A conversation with a friend yesterday turned to photography. He said he wanted to gather statistics from the EXIF data in his photos. I said I didn’t know how EXIF data was stored, and would have to go look it up. David responded,
That’s because you’re Ned.
which I can’t argue with.
Turns out EXIF data is actually stored as a TIFF file embedded in a JPEG record!
I’m probably more interested in file formats than your average guy. I’m fascinated by the different choices made by the designers of these formats. For example, JPEG is a sequentially-read record-oriented format. The file is composed of chunks, each of which has a tag number and a length. PNG files are also record oriented, but the records are identified by a four-character id. In a clever hack, four bits of record metadata are stored in the 0x10 bit of each character, so the case of the letters in the tag are significant in interesting ways. Typical tags include tIME, pHYs, and bKGD.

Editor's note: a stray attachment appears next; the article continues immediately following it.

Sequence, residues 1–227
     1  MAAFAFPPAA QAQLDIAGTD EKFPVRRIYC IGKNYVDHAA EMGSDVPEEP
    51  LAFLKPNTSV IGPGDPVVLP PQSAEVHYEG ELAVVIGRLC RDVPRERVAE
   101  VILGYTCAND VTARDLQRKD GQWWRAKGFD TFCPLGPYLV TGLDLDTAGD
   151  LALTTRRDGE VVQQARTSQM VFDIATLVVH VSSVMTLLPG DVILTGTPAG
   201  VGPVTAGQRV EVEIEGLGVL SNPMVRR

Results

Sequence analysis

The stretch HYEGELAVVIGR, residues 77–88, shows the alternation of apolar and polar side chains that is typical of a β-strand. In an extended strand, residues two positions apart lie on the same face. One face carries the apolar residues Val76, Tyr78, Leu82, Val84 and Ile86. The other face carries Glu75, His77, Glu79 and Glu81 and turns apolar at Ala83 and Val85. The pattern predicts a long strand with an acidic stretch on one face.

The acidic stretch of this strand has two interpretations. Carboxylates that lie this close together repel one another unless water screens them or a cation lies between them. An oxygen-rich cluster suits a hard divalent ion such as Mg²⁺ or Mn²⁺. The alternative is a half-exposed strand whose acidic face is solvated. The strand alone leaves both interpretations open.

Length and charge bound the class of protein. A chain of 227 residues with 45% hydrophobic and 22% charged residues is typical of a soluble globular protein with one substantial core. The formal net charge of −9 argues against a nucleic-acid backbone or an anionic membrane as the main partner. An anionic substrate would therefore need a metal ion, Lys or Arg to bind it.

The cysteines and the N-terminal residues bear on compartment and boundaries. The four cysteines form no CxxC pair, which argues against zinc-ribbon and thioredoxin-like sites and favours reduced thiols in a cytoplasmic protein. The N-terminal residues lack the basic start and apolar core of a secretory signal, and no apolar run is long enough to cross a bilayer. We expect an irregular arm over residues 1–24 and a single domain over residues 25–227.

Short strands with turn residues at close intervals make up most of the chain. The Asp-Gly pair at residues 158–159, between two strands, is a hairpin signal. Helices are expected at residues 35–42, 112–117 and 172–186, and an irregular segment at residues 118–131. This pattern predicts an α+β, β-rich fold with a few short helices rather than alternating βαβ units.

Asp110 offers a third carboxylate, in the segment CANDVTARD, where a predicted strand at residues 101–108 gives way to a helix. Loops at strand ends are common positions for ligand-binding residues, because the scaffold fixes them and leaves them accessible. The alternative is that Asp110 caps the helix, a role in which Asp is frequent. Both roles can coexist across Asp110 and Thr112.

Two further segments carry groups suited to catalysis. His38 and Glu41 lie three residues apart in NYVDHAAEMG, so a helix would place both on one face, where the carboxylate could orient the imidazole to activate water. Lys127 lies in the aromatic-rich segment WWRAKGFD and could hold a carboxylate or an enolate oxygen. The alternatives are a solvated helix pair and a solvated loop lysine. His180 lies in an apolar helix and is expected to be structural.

TIFF files are a bit harder to pick apart: they include byte offset pointers within the file, so reading the file may involve jumping to the end only to be directed back toward the beginning to find the data you want.
David and I also discussed RAW files. We both knew they were a straight capture from the CCD, and that there’d been no compression loss or “developing” interpretation, but couldn’t put our finger on exactly how that differed from typical image files.
The downside of RAW files is that different cameras use slightly different formats. Adobe has a format called DNG, Digital Negative, which is designed to retain all the benefits of RAW files, but without all the vendor-specific differences.